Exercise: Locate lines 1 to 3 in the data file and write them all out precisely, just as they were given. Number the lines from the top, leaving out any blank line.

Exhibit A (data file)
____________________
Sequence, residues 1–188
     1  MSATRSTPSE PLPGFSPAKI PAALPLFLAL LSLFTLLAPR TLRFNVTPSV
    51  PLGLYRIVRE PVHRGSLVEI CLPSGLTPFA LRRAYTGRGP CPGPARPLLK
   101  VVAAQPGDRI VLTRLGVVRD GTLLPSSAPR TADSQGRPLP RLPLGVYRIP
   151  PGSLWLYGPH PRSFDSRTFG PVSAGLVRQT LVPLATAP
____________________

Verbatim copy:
Sequence, residues 1–188
     1  MSATRSTPSE PLPGFSPAKI PAALPLFLAL LSLFTLLAPR TLRFNVTPSV
    51  PLGLYRIVRE PVHRGSLVEI CLPSGLTPFA LRRAYTGRGP CPGPARPLLK